This morning, when I got into the office, I was surprised by my tester who said that none of the bugs I’ve put in for testing are fixed. Imagine my amazement when I checked the
bug-branch I was working on and the
testing-branch and they had very different code! So I go to Petr and:
Me: hey Petr, did you get any conflicts when merging the
bug-branch into the
Petr: Yes. But I fixed them. I kept the
Me: You should have kept the
bug-branch code as it was the newest one (and I added it to fix some bugs reported on the
Petr: Yes, yes. That is the one I used.
Half of the day has passed since and we still have different versions of code even though the
bug-branch was merged into the
testing-branch…Petr is on it (fixing).
I was saying that there is no possible way that a developer can be senior after only 2 years of experience. There is simply not enough time to meet the unexpected. And that is what, in my opinion, makes a senior: the unexpected. The ability to not be surprised and blocked. That is when a developer becomes senior.
There were of course voices that said that 2 years is more than enough. And it only depends on how passionate you are (how can passion be a factor in establishing seniority?). Then there was a slip from someone who said: if you convince your current employer to make you a senior, than you can put it in your CV and the next job recruiter would have to take you into account for a senior role. That made me think: hm.. sneaky one. So you you put it in your CV just for to market yourself? So the seniority became just a keyword? Who is to blame for this? Can we fix it?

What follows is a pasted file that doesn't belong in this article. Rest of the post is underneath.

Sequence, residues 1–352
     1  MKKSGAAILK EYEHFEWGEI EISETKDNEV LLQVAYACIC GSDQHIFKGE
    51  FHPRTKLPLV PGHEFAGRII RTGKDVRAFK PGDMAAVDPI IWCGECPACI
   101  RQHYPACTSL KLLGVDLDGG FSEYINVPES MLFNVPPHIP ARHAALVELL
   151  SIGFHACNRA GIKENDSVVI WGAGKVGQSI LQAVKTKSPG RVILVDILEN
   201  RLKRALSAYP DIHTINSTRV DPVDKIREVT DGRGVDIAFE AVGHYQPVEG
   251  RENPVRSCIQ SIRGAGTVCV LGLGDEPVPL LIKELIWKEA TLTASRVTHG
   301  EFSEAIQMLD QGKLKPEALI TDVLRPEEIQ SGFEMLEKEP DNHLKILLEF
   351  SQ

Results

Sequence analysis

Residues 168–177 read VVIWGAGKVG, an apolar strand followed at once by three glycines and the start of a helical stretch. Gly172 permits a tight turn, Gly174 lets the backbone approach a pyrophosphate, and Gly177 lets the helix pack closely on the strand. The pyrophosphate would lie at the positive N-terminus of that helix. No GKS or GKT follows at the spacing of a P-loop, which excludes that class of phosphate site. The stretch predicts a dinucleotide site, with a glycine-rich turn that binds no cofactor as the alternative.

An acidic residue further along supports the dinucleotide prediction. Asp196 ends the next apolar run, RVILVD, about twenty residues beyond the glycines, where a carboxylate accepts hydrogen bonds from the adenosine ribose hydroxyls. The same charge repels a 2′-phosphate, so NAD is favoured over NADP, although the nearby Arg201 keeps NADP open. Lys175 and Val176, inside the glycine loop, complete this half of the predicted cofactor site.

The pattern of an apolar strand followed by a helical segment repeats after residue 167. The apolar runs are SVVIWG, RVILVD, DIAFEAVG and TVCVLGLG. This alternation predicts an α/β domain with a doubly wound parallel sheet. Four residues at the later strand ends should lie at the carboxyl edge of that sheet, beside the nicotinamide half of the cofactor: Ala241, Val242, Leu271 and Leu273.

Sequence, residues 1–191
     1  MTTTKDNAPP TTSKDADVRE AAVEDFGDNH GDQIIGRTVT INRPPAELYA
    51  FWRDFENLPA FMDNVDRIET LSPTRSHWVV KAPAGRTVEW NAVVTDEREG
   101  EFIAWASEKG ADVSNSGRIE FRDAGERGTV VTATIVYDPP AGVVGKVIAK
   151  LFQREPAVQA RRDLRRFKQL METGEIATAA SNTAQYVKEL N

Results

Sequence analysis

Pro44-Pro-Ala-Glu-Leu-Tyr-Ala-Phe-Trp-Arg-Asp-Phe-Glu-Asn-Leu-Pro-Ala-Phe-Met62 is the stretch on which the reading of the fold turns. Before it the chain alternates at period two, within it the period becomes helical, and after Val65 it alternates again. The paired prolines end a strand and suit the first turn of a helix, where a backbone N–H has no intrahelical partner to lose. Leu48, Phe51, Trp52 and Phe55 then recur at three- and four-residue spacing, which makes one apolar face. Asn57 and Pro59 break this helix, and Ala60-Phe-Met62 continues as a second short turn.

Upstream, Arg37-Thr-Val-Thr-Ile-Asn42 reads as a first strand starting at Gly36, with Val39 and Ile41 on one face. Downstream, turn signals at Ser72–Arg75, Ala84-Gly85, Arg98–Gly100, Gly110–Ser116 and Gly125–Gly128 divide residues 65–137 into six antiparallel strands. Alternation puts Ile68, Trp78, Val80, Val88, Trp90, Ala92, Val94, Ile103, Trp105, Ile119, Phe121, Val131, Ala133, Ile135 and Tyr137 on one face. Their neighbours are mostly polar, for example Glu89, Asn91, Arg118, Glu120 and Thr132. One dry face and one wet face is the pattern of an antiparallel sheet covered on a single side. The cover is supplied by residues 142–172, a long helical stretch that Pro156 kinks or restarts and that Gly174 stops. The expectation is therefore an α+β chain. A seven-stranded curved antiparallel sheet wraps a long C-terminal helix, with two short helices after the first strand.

About 3 years ago someone estimated that the number of programmers doubles every 5 years. I suppose then, there is this need of making oneself appear “seniorer” than the rest. But is it fair? and I mean it. There are senior developers with less than 2 years of experience and less than 25 years of life who participate in technical reviews during interviews (and I mean it because I have seen it) and they evaluate people that have more years of experience then they have of life, only to conclude that the respective developer is not good enough. I guess I am a bit afraid that I will one day be evaluated by one of these. And maybe I am more afraid of my reaction to it. I am afraid that I will try to impress this kid into hiring me. Is this ok? Is there something wrong with me? Are there any others like me?
I was recently invited to an interview for a frontend developer role. After the interviewer asked me a lot of questions about http, http2, devOps, linking backend with frontend he said: now let’s go to the more unpleasant questions. And he started with: what is this small tag at the beginning of an HTML page
<doctype... And he went on about DTD then we moved to local storage, then CSS and pre-processors …
When and why did HTML and CSS became unpleasant? how else would you develop for the web if not using HTML and CSS?
I am now asking you: people of the world that you call yourselves web developers, who are you and what did you do with the web developers?